Bengaluru will finally have its own literary weekend. Lekhana comes to the city between February 10-12. The event has been organized by Toto Funds the Arts (TFA), Sangam House (an international writers’ residency program), DeshaKaala (a journal for arts and letters in Kannada) and Reading Hour (a print magazine for Indian creative writing), in partnership with the National Gallery of Modern Art (NGMA). “The City" is the theme this year.
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With panel discussions, readings, performances and an event bookstore, it promises to be an intersection space for the city’s varied writers, literary cultures and languages.
C K Meena, Chairperson, TFA says of the vision behind the event, “Lekhana is not only for readers but for writers too. One of our main objectives is to bring together writers from different languages. They rarely meet, and this would be an occasion for them to get to know each other. It is a pity that in a multilingual, multicultural city like Bengaluru, the literary streams seldom mingle. For readers, of course, this would be a bonanza, because they would get to listen to literature in their own language, be it Bengali, Marathi, Tamil or Malayalam.”
In this spirit, readings at Lekhana will be in Bengali, Danish, English, French, German, Hindi Italian, Kannada, Malayalam, Marathi, Tamil, Tulu and Urdu. Participating authors include a wide range of well-known and lesser known names, all who have made their own indelible contribution to the city’s literary landscape.
Anja Snellman, Anjum Hasan, Anna Clemensen Bro, Arundhati Ghosh, Ashutosh Potdar, Bageshree, V R Carpentor, Chintmani Kodlekere, Claus Ankersen, Deepika Arwind, Douna Loup, Eugene Lee, Francesca Marciano, Frank Dominic, D W Gibson, Gaurav Monga, Girish Karnad, Indira Chandrashekhar, Jahnavi Barua, Joshua Muyiwa, Khaleel-ur-Rehman, KR Usha, Kutti Revathi, Lakshmi Holmstrom, Lotte Thrane, Mamta Sagar, M V Manjunath, Maunesh, N Sukumaran, Rahul Soni, Samhita Arni, Saniya, Sandeep Shikhar, Shrimata, M S Sriram, Sushruta Dodderi, Tejeshree, Usha Rajagopalan and Zac O’Yeah.
There are many aspects that make this event unique to Bengaluru. C K Meena shares, "Bengaluru has never before seen such a literary gathering spread over an entire weekend. The other is that we have tried to include writers from as many languages as possible from the city. We have deliberately not called a lit fest because it would remind you of those other big lit fests in Jaipur and so on, with all their razzamatazz."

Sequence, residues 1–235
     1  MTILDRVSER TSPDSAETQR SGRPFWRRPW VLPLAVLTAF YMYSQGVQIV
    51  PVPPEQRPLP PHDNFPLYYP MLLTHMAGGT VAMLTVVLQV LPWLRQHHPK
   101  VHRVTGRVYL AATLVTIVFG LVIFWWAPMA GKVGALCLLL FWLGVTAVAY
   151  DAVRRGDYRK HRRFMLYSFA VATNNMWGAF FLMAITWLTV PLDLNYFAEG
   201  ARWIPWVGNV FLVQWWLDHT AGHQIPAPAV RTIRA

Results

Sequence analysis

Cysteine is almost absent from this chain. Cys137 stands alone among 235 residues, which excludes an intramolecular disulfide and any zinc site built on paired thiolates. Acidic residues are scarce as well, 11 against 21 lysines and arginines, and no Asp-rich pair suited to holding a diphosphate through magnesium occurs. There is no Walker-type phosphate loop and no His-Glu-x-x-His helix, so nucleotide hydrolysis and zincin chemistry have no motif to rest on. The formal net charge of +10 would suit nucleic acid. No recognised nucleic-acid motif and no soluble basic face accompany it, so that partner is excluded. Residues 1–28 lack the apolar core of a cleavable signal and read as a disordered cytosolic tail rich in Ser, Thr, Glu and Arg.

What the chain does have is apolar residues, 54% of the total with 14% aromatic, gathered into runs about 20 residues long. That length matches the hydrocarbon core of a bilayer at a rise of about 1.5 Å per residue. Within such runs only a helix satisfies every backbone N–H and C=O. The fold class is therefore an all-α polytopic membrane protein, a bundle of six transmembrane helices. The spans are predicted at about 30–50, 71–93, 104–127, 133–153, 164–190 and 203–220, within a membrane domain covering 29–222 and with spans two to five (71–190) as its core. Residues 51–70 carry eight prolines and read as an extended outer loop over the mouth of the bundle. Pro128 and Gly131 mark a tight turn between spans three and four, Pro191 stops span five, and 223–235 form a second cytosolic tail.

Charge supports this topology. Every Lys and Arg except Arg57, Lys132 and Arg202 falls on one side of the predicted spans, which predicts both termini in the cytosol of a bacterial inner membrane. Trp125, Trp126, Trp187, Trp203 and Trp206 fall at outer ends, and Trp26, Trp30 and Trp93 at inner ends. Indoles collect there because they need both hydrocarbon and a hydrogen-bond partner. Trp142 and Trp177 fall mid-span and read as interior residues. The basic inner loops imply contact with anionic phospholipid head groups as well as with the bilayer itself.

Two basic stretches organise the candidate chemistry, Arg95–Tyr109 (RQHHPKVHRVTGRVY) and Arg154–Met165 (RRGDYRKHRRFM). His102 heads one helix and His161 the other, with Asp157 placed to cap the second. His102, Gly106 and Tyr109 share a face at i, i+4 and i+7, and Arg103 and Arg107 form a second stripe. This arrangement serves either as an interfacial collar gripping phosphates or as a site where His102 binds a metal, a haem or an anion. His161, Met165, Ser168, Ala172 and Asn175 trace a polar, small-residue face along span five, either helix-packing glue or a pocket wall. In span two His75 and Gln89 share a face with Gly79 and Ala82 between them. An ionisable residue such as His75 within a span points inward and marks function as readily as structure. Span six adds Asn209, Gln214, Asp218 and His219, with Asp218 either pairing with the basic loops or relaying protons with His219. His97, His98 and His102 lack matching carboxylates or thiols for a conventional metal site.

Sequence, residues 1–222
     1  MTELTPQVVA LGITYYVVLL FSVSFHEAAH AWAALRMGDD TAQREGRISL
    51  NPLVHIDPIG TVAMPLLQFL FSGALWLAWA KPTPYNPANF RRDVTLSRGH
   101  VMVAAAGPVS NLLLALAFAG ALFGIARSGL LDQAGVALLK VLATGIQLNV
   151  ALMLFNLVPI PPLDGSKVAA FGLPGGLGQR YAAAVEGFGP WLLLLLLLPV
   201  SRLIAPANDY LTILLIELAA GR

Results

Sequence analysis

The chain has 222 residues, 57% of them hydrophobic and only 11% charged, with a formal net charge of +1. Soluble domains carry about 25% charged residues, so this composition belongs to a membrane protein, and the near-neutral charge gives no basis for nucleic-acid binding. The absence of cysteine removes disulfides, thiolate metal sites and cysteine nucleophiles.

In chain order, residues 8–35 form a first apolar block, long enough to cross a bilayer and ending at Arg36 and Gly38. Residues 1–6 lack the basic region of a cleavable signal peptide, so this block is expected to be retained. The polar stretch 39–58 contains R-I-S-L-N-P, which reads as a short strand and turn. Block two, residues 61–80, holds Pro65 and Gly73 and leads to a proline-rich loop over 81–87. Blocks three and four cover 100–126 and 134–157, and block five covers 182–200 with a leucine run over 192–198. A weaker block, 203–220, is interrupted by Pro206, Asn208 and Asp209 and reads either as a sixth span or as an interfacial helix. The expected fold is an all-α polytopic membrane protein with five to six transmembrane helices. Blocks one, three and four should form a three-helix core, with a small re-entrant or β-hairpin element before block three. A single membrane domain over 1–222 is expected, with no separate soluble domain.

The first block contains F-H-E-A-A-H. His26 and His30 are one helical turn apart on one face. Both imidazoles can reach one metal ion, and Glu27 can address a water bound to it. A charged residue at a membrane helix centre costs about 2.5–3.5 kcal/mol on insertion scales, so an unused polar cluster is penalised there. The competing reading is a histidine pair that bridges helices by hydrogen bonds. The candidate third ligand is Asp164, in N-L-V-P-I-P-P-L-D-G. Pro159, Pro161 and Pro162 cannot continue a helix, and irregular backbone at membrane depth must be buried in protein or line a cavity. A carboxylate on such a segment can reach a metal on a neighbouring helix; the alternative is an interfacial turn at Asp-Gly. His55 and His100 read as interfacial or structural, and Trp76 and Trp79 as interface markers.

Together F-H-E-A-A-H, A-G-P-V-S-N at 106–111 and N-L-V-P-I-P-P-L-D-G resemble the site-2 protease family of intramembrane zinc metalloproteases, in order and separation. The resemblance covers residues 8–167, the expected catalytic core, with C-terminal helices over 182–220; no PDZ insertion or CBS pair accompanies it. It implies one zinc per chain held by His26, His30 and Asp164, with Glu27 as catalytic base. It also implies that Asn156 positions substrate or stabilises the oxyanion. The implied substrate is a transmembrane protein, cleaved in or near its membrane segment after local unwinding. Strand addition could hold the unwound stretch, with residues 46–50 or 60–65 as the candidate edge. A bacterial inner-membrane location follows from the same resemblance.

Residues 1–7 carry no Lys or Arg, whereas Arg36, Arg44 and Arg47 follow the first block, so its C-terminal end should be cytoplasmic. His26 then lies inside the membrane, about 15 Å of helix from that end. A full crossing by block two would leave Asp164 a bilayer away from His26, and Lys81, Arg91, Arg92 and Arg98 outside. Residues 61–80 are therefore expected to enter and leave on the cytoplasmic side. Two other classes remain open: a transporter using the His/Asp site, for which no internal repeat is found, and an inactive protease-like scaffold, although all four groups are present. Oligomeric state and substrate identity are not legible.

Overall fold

So where did the idea called Lekhana begin? C K Meena says, "A year ago, TFA and Sangam House were bandying about the idea of organising a weekend of readings by local writers. From idle thoughts we moved on to serious planning, and then we decided to expand the idea to include a full-fledged event with discussions, performances, and so on. This meant we needed more hands to help us, so we quickly roped in DeshaKaala, and later, Reading Hour. Since we didn’t want to bite off more than we could chew, we decided to start small."
But with readings in 13 languages, and close to 40 participating readers, it has clearly been no small beginning for Lekhana. Yet, the ever-modest C K Meena says, "If this weekend goes off well, who knows, we might be foolish enough to work our backsides off and plan another one sometime in the future!"
Meanwhile Bengaluru has its fingers crossed – both for Lekhana 2012 and many more such literary weekends that cater to the reader and writer alike.
Panel Discussions at Lekhana 2012
The City in Literature: The panel will discuss the representation of Bengaluru in literature and the arts, whether the city has a character which sets it apart from the other cities in India.
Translations as Conversations: Apart from giving us access to texts that are far away from us in space and time, what else do translations accomplish?
Writing about Writing: How do we write about writing? Or how do we write about writing in India in 2012 given the opportunities and challenges?
The Culture Elephant: The presentation asks the audience to reflect on the various sources and dynamics of the cultural form that characterise the city of Bengaluru.
New Writing in Kannada: There is an abundance of new writers in Kannada and they come from different social backgrounds, have varied educational qualification and pursue different professions. The diversity of experiences being brought into Kannada literature will be the focus of this panel. (Lekhana will be held at National Gallery of Modern Art. Admission to Lekhana is free and open to all.) ⊕